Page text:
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Gagandeep Singh
@czgdp1807
@imnitishng Feel free to make a PR.
oponkork
@oponkork

Polynomial methods do not work well with floating point coefficients. The coefficients of a polynomial f can be made rational by F = nsimplify(f, rational=True). Then the roots of F can be found by roots(F, extension=I). (The flag tells that the coefficient domain is the rational field QQ extended by I.)

Aah, Alright thanks for the clarification. I fed the coefficients to numpy.roots to get the solutions!

rghers
@rghers
after making a change to the code, how do I compile it so that when i run isympy my change is visible. For example, I put a silly print statement in a function to test its execution, but when i run it in the isympy console, my print statement doesn't show up
Chris
@ChrisPattison

I have a pretty complicated expression as an integrand, and I want to integrate it numerically although I have to wrap some of the inner parts in UnevaluatedExpr to avoid choking the expression manipulation routines.

What sort of transformations does autowrap apply? .doit() or simplify? Can I get it to evaluate a definite integral numerically or am I stuck with autowrap'ing the integrand and applying scipy.quad?

Chris
@ChrisPattison
Also autowrap with the cython backend doesn't seem to properly handle complex valued expressions (attempts to assign complex to double, doesn't include complex.h) and sometimes attempts to use ** for pow
should I just be using Theano?
coldino
@coldino
Anyone help a total noob fix their understanding? Why can't I substitute a value for an integer symbol?
>>> I = Symbol('I') ; (2*I).subs({'I':4})
8
>>> I = Symbol('I', integer=True) ; (2*I).subs({'I':4})
2*I
Kalevi Suominen
@jksuom
The substitution (2*I).subs({'I':4}) will create a new symbol I with integer=None. It is different from the one defined before. To get the same symbol, you should write (2*I).subs({I:4}).
coldino
@coldino
Thanks! ...that easy...
Megan Ly
@meganly

I just synced my local fork of sympy with the master branch. When I run bin/test I get the following error:

MacBook-Pro:sympy meganly$ bin/test
Traceback (most recent call last):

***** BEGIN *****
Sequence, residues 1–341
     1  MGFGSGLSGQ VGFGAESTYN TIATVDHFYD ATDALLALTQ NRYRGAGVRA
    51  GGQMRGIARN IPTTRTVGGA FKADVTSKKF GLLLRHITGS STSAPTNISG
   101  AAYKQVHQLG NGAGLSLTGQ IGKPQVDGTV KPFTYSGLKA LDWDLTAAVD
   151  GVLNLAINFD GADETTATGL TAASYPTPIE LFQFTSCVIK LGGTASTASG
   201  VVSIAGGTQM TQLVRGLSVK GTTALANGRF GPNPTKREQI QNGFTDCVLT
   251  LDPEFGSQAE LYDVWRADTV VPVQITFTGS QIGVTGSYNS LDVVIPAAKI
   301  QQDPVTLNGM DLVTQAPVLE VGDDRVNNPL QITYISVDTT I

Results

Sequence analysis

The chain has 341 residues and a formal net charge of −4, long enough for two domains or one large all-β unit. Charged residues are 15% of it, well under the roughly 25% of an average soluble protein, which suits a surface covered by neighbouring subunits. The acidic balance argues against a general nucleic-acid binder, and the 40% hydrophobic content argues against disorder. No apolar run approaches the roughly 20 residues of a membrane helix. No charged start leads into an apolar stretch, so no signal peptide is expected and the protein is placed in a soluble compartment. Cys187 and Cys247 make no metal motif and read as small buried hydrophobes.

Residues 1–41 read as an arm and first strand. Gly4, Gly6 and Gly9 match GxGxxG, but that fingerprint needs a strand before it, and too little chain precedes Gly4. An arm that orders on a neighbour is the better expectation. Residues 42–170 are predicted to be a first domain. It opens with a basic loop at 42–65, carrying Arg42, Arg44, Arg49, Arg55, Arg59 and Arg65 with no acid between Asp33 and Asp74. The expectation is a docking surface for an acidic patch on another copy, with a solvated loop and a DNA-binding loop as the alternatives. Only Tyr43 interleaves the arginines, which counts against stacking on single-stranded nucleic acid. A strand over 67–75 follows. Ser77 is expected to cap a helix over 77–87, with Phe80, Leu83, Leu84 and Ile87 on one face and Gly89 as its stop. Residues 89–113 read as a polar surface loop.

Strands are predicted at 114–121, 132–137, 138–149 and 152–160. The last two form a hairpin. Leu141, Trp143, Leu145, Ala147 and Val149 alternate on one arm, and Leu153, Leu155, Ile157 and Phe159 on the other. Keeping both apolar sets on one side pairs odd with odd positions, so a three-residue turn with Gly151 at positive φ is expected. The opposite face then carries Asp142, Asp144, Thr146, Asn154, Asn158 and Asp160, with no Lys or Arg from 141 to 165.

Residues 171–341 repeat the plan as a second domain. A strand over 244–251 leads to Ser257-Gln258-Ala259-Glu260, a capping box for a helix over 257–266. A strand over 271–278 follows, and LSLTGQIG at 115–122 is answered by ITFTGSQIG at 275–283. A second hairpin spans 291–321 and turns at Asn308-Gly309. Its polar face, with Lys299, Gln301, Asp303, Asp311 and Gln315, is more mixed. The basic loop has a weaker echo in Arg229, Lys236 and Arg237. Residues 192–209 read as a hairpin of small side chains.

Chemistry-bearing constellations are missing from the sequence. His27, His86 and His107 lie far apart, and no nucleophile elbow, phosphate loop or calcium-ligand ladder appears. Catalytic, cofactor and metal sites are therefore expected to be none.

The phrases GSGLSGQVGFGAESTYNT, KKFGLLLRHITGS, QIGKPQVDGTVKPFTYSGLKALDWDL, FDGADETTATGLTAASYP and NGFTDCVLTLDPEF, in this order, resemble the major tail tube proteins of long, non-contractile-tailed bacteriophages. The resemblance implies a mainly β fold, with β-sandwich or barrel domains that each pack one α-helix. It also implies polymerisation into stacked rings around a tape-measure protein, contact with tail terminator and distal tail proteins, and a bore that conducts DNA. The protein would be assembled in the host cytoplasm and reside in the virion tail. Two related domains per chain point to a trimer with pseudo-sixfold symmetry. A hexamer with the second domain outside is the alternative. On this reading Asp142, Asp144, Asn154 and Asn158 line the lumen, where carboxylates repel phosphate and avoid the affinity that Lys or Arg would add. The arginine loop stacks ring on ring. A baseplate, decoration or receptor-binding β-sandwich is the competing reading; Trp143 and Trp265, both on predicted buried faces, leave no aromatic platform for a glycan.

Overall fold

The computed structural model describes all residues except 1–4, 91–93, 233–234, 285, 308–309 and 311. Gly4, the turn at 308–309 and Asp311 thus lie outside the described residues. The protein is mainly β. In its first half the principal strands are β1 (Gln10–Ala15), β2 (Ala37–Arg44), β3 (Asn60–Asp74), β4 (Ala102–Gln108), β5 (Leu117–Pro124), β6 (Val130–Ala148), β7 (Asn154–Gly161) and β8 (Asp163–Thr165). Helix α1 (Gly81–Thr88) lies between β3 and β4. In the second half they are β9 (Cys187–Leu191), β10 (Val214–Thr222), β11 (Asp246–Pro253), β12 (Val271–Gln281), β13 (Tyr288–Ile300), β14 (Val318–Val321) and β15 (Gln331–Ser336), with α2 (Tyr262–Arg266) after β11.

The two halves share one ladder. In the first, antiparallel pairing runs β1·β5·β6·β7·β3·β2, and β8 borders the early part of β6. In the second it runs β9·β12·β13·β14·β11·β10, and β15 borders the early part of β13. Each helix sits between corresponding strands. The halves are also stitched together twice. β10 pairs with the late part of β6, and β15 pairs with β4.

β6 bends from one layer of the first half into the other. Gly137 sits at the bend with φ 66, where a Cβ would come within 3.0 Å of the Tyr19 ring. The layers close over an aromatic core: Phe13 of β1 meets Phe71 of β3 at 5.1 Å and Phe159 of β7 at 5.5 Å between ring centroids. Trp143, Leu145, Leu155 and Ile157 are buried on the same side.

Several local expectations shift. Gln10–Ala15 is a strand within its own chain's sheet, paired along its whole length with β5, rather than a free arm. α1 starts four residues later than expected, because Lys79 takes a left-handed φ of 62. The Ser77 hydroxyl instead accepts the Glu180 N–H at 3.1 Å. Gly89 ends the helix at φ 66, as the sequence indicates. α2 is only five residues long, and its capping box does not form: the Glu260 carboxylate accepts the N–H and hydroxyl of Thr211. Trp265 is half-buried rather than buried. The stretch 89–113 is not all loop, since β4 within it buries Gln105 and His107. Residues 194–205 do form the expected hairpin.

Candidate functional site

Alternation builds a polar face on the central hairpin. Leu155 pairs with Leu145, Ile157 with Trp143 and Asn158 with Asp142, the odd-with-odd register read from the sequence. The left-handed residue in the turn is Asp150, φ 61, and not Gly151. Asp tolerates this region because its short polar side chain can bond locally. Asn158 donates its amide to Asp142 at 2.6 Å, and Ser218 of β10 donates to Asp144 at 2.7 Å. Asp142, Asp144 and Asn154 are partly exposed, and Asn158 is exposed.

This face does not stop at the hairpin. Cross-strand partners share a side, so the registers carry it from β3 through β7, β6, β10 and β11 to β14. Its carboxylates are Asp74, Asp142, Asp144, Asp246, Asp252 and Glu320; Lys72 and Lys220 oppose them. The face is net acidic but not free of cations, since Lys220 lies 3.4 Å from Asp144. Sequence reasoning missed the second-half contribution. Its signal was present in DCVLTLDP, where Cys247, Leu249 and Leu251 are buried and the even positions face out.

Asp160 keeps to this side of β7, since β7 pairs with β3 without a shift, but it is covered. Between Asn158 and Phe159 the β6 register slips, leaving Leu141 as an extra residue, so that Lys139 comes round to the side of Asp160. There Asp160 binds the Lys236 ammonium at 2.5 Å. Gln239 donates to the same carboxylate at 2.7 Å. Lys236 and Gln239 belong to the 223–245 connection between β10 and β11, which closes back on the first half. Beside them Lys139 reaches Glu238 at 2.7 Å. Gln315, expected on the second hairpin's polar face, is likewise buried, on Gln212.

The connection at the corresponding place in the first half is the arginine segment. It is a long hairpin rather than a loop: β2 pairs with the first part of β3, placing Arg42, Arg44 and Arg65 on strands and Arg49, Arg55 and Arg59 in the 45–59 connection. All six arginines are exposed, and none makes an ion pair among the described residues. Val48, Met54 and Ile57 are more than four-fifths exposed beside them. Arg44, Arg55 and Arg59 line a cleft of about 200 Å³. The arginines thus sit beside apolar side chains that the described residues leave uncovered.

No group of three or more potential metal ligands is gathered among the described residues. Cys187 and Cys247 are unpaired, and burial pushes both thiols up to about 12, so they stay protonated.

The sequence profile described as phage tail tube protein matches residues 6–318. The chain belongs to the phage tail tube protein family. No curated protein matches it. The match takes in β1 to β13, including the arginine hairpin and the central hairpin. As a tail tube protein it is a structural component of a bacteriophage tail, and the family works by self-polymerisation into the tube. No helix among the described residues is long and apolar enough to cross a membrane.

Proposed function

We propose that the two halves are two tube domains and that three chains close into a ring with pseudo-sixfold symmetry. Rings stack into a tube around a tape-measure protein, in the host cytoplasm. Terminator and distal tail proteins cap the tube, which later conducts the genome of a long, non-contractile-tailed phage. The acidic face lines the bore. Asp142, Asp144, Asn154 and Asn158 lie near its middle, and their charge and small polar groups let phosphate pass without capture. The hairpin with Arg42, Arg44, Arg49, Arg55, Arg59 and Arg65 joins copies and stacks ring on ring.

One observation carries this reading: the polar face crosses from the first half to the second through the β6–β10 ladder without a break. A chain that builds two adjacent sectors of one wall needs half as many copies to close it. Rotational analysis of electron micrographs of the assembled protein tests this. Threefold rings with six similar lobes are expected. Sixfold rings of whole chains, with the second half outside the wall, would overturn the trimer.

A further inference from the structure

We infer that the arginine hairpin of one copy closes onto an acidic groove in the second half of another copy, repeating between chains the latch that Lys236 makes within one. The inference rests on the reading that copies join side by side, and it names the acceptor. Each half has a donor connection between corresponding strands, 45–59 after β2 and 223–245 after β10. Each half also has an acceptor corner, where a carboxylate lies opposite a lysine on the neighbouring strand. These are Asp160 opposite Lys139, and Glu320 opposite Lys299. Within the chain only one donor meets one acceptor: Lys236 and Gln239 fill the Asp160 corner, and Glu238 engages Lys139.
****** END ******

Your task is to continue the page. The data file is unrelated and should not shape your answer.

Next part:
File "bin/test", line 105, in <module>
    import sympy
  File "/Users/meganly/sympy/sympy/__init__.py", line 64, in <module>
    from .concrete import *
  File "/Users/meganly/sympy/sympy/concrete/__init__.py", line 2, in <module>
    from .summations import summation, Sum
  File "/Users/meganly/sympy/sympy/concrete/summations.py", line 3, in <module>
    from sympy.calculus.singularities import is_decreasing
  File "/Users/meganly/sympy/sympy/calculus/__init__.py", line 4, in <module>
    from .singularities import (singularities, is_increasing,
  File "/Users/meganly/sympy/sympy/calculus/singularities.py", line 21, in <module>
    from sympy.solvers.solveset import solveset
  File "/Users/meganly/sympy/sympy/solvers/__init__.py", line 11, in <module>
    from .solvers import solve, solve_linear_system, solve_linear_system_LU, \
  File "/Users/meganly/sympy/sympy/solvers/solvers.py", line 542
SyntaxError: Non-ASCII character '\xe2' in file /Users/meganly/sympy/sympy/solvers/solvers.py on line 543, but no encoding declared; see http://python.org/dev/peps/pep-0263/ for details

Any ideas what's wrong for me locally?

Aaron Meurer
@asmeurer
I get the same error in Python 2. It looks like a bug was introduced somehow
can you open an issue for it
the problem will go away if you use Python 3, which is recommended as we will be dropping Python 2 support in a month or so
Megan Ly
@meganly
How do I use Python 3? I thought I was using Python 3 not Python 2
Aaron Meurer
@asmeurer
what is your python --version?
Megan Ly
@meganly
python --version is Python 2.7.10, python3 --version is Python 3.7.2
Aaron Meurer
@asmeurer
bin/test uses python
you can use python3 bin/test